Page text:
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Cost-effectiveness and acceptability of interventions for children on the Edge of Care: mixed methods study


   Bristol Medical School

  , Dr G Macdonald  Applications accepted all year round  Self-Funded PhD Students Only

About the Project

Background

Children’s Social Care Services face severe challenges. Numbers of looked after children (LAC) are increasing as potential foster placements for these children are decreasing. Health and social outcomes for all LAC continue to be extremely poor and Local Authority funding is significantly constrained. The 2022, independent review of children’s social care emphasised the need for evidence-based alternatives to public care for vulnerable children to improve their health and social outcomes. These alternatives must both offer value and be acceptable to frontline staff and families in need. For these reasons, Children’s Social Care Services are increasingly focusing on interventions for children at the “Edge of Care” and their families aimed at preserving family unity and improving child outcomes cost effectively. Effective commissioning is constrained by the lack of a synthesis of what works and what is acceptable to families and providers. This project has two elements: 1.) A systematic review with quantitative synthesis and cost-effectiveness analysis of evidence on the effectiveness of interventions for children on the Edge of Care to promote family unity and improving child outcomes. 2.) A qualitative interview study with key stakeholders (commissioners, practitioners, and families) on the aims and acceptability of these interventions.

Aims and objectives

1.) To conduct a systematic review of evidence on the effectiveness and cost-effectiveness of interventions for vulnerable children intended to promote family unity, reduce the need for public care and improve child health and social outcomes.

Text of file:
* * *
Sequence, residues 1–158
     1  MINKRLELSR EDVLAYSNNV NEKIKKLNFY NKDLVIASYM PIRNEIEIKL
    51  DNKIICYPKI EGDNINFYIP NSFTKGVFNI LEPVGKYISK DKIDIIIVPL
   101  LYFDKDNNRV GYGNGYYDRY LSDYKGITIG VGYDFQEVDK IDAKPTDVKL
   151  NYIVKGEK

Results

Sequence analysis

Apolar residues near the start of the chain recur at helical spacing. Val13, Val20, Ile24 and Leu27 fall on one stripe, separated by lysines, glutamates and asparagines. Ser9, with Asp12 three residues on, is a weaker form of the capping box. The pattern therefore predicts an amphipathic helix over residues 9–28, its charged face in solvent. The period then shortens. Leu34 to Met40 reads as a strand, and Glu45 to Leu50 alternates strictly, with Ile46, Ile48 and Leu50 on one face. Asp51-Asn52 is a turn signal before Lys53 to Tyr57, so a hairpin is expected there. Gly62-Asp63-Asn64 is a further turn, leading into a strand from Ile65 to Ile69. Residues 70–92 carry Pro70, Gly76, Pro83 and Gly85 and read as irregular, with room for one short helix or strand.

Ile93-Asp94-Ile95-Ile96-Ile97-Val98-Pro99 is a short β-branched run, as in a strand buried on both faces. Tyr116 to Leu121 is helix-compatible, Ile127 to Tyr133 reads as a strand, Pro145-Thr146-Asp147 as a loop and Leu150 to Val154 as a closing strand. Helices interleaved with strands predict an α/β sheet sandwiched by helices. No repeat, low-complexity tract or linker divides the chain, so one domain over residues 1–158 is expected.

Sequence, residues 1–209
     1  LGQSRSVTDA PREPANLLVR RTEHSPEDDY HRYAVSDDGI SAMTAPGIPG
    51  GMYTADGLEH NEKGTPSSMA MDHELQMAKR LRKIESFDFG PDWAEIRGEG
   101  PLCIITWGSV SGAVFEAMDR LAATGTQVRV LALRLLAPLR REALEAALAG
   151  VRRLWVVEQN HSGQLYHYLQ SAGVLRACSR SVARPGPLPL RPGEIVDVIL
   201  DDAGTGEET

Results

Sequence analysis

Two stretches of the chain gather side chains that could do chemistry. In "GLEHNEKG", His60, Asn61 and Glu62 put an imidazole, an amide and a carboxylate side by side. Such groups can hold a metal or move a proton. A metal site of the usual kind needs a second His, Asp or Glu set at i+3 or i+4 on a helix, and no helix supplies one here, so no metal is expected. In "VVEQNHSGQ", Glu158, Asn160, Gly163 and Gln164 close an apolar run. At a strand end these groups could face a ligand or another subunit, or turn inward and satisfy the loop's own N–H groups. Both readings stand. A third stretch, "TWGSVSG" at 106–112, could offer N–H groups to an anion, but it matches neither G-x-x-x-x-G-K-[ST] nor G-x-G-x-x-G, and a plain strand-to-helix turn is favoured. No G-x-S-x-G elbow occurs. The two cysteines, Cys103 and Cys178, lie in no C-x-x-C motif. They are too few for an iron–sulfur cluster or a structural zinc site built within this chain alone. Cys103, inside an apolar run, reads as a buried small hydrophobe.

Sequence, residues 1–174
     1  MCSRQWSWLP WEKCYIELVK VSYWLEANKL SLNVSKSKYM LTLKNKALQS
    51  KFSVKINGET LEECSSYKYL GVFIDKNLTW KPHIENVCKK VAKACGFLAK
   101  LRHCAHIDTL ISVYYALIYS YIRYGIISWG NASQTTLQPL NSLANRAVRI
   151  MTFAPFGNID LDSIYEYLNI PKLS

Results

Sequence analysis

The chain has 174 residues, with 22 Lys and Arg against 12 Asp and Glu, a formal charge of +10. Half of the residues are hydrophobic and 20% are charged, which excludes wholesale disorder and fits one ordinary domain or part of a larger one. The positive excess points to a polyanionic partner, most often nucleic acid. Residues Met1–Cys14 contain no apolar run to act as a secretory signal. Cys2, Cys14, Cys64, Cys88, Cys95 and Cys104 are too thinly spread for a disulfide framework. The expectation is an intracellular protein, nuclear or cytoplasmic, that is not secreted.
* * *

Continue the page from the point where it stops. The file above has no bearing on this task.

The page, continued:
2.) To synthesise this evidence and conduct an economic analysis to establish evidence of value

3.) To undertake a qualitative inquiry with key stakeholders (providers, commissioners, and families) on the aims and acceptability of these interventions.

4.) To inform commissioning decisions and future research priorities.

This is not a hypothesis testing study

Methodology

This is a mixed methods study.

The student will acquire skills in systematic reviewing and evidence synthesis (both quantitative and qualitative). They will also acquire skills in economic modelling and cost-effectiveness analysis. They will acquire skills in the collection, analysis and interpretation of qualitative data collected through face-to-face interviews with key informants. A core supervision team consisting of a senior quantitative scientist (with experience of reviews and synthesis) and a senior social scientist (with experience of reviews and synthesis and qualitative inquiry) will support the student. Both core supervisors have also extensive topic specific expertise around effects of childhood adversity, health inequality, and the organisation and effectiveness of children’s social care.

The student will also receive specific methodological support from senior scientists in the ARC West methodological teams around evidence synthesis, economic analysis and behavioural and qualitative science.

Apply for this project

This project will be based in Bristol Medical School - Population Health Sciences.

Please contact for further details on how to apply.

Apply Now!


References

MacAlister J. (2022) The independent review of children’s social care: final report. London, DHSC. https://childrenssocialcare.independent-review.uk/wp-content/uploads/2022/05/The-independent-review-of-childrens-social-care-Final-report.pdf

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